It was as if I were stuck in a haze, the sophomore responded, and I didn’t know what was happening, why it was happening, or when it would end. I would wake up to a new day, but the days soon became so weary, so mundane that they all blended into the next. It felt as if the entire world was drained of excitement, replaced only by worry and exhaustion.

It was alright, at least at first, was the junior’s response, until the weeks turned to months and the months to a year, and loneliness filled everything that was left. Over time, however, I learned to find little sparks of happiness amidst all the uncertainty, beginning with making a few online friends.

“And all that I felt,” the senior replied, “was that it would never end. That we were to be trapped in an empty, befuddled mess of a world forever. I wanted to use the time that I had to work on myself, but I was often reminded of all that was missing, and all that might never come back if, one day, somehow it did end.”

“Worry,” the teacher said, “constantly filled my thoughts, worry for children, for kids, for teens, for parents, for elders, for anyone and everyone around me. Children could not learn fundamentals; kids were kept from socialization; teens in high school and college missed milestones and activities; parents struggled to provide for their children; elders were left on their own. I wondered and worried how they were doing in such difficult times, and hoped that their strength would carry them through.”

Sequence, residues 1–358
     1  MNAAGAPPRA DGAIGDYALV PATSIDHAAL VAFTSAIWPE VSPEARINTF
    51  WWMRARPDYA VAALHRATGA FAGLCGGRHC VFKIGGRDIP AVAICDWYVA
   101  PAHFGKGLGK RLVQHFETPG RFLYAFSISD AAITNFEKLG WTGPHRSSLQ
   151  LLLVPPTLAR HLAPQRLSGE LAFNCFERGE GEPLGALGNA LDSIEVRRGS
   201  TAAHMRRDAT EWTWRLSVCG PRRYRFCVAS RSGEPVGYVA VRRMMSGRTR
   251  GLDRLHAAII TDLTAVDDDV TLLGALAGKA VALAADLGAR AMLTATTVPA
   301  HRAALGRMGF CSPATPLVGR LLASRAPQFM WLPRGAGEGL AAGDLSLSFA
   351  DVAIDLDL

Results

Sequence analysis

Question: Have you learned anything about yourself in your time away from others?

I have realized, the freshman responded, that I rely heavily on others for my happiness. During the pandemic, I often found myself struggling to be happy because I could not be around friends, family members, and others I cared about. I learned, above all, to cherish my time with the ones I love, because one day we may realize that we took it all for granted.

The sophomore’s response was similar to the freshman’s, revealing common connections between sentiments that are often only found when reflecting. I realized, they replied, that I relied heavily on others for my comfort as well, even if they were only there and not speaking to me. I felt far less isolated, as everyone did, but I also realized that I often used others as a distraction from my own thoughts and troubles. Having others there in my presence allowed me to escape for a while.

I found importance in valuing mental health, the junior responded, and in working to improve my mental health. I had never realized how much my mental health affected my everyday life before, and in my time alone, I took the time that I needed to reflect on it.

I learned that I can truly work through anything, was the senior’s response, as long as I take things slowly, day by day. One step at a time. I realized the many small victories that we experience in our daily lives, and these victories are always something to celebrate because we all deserve to celebrate ourselves and our progress in life.

In these reflections, we find that there is much truth, much beauty, to what we can discover in all of our past experiences, no matter how difficult or painful these experiences may have been. In these reflections, we find answers, we find peace, and we come to understand our world and ourselves a little more than we did before. Whippany Park has completed its thoughtful reflection of the pandemic, and I now encourage you, our reader, to do the same. Ask yourself the same questions above, and allow yourself to think on it, to discover the hidden meanings. And once you do, you may find that the world to you is clearer, more complete than it was before; you may find that the pandemic experience was a memorable one, and in more of a good way than you might initially expect.